Asda Worst Offender In Poison Chicken Testing As Three-Quarters Of Shop-Bought Birds Test Positive For Campylobacter

Nearly three-quarters of fresh shop-bought chickens have tested positive for food poisoning bug campylobacter and for the second year running Asda is the worst offender, a survey has revealed.

Some 19% of the chickens in the year-long Food Standards Agency survey contained the highest rate of the bug, which affects an estimated 280,000 people a year.

Campylobacter contamination can cause intestinal infections

The testing, which ended in February, looked at the prevalence and levels of campylobacter contamination on fresh whole chilled chickens and their packaging, and revealed that Asda was the worst offender - a position it also held last year.

The chain had a higher-than-average incidence of chicken contaminated at the highest level, while Tesco was the only supermarket to fall below the industry average.

The FSA's cumulative results from the first three quarters of the survey show that the overall rate of contamination has stalled at 73% since February but risen from 70% in November and 59% in August.

The full survey results which show that Asda was the worst offender

A second year of testing will begin this summer to measure the impact of interventions being introduced by the industry to tackle contamination.

More than 4,000 samples of fresh whole chickens and packaging from large UK retail outlets and smaller independent stores and butchers were tested as part of the survey.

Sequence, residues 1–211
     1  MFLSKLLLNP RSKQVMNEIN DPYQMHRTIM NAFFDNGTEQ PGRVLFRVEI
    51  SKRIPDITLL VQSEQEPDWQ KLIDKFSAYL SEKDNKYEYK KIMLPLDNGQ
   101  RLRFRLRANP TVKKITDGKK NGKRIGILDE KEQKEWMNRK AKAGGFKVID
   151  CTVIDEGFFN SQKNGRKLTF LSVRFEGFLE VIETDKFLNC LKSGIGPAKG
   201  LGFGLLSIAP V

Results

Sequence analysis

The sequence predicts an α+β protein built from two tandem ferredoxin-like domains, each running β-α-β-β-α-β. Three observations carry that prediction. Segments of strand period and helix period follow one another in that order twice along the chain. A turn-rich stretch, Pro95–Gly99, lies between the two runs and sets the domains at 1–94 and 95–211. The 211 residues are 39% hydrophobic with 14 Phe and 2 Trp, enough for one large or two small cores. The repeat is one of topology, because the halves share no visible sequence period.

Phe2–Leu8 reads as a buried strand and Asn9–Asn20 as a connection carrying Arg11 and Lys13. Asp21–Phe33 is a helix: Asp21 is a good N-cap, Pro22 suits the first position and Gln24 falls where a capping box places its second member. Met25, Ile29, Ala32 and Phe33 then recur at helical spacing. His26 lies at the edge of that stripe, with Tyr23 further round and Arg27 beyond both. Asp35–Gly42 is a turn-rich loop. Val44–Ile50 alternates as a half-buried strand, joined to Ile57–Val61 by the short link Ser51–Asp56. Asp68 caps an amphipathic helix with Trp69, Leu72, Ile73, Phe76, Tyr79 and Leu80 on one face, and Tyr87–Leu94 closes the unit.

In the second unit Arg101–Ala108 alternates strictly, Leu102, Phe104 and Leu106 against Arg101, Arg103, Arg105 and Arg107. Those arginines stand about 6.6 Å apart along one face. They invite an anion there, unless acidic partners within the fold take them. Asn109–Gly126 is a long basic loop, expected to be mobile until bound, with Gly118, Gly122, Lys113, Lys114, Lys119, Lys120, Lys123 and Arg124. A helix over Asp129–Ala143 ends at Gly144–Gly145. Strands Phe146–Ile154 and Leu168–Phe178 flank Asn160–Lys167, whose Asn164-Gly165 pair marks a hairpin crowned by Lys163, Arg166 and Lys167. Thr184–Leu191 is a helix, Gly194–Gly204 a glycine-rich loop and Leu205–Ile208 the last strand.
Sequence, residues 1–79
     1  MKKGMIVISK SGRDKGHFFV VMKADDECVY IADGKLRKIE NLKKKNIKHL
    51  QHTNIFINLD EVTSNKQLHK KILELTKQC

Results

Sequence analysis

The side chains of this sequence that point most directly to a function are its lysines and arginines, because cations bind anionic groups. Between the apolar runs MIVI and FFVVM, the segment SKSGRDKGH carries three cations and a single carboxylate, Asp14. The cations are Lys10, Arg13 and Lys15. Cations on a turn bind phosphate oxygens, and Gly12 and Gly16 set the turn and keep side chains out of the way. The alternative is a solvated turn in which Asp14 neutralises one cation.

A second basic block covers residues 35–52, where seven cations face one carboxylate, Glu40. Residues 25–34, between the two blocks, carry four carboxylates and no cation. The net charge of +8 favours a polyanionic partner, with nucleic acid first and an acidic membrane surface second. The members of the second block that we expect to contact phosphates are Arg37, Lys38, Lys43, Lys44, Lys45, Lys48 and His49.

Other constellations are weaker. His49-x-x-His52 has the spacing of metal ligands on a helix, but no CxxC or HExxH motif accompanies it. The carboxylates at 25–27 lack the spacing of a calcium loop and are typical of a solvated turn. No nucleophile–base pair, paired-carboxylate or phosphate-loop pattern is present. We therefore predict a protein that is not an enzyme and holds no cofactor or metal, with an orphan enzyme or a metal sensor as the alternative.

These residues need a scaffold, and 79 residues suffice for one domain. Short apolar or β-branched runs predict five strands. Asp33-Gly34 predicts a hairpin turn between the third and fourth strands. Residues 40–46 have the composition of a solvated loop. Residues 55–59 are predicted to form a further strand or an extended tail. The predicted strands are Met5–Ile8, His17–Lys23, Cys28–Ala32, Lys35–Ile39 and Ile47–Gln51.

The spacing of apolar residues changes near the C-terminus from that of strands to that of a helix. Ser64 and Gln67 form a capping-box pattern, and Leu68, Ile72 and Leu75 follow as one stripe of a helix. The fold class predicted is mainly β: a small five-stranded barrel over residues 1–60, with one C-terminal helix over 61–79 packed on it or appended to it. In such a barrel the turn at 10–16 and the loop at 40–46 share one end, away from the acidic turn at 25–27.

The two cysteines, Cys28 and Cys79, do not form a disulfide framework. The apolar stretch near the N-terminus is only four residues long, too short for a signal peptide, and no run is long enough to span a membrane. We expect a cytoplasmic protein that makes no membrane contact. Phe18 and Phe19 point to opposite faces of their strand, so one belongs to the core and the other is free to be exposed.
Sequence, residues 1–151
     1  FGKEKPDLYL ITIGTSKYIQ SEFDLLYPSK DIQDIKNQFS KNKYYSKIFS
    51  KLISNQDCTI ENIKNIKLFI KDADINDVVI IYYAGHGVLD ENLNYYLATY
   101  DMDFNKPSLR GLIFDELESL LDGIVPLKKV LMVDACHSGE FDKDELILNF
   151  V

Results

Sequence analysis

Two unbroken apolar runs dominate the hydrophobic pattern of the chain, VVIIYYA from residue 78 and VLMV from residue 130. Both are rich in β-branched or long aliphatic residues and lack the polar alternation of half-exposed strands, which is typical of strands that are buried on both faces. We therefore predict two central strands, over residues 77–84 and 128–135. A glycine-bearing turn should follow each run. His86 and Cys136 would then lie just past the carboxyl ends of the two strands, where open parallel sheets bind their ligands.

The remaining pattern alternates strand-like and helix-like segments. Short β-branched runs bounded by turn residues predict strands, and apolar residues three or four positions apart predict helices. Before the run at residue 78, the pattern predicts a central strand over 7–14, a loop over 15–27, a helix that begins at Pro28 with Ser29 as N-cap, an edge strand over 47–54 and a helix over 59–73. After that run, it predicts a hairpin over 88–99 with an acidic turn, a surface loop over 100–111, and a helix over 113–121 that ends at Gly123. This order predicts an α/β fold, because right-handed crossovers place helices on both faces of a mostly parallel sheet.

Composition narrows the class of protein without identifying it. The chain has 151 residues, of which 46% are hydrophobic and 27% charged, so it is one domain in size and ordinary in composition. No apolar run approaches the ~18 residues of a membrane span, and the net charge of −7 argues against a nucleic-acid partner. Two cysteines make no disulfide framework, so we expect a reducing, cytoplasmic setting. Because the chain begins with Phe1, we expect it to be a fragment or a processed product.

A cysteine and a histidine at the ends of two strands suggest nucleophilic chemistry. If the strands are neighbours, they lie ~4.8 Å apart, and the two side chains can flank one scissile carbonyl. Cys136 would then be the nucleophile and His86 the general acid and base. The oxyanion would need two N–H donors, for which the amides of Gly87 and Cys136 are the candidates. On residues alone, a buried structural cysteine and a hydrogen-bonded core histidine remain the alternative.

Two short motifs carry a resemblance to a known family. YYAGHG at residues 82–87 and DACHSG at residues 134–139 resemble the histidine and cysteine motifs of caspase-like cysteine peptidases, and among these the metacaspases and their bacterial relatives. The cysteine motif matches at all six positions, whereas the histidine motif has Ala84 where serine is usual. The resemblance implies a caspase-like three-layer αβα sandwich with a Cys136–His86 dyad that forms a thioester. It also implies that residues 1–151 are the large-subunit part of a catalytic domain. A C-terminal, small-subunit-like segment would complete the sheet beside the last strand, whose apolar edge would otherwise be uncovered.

While none of the major retailers hit industry targets during the FSA investigation, the food watchdog said internal case studies by Marks & Spencer, Morrisons, the Co-op and Waitrose based on more recent samples found a fall in contamination levels.

FSA director of policy Steve Wearne said: "I want to challenge those retailers who haven't yet demonstrated the impact that M&S, Morrisons, the Co-op and Waitrose are having on reducing campylobacter on chickens on their shelves.

"We expect all retailers and processors to be achieving the reductions we have seen in these retailers' figures - that's the only way we will meet the target we all signed up to.

'"We are going to run this survey for a second year and will again look at campylobacter levels on chickens at retail sale. I hope that we will be able to see the results from the actions taken by the four retailers mentioned above and others come through and produce much lower figures for the incidence of campylobacter on the chicken we buy."

Asda had the highest rate of contamination in its fresh whole chickens at 80%, followed by Co-Op with 78%, Morrison's with 76%, Waitrose with 74%, and Tesco and Marks and Spencer with 67%.

Individual figures for Lidl, Aldi and Iceland are not individually available because their market share was not considered large enough, based on 2010 retail figures.

Their results were instead reported together with those from independent butchers and convenience stores, reaching 73%.

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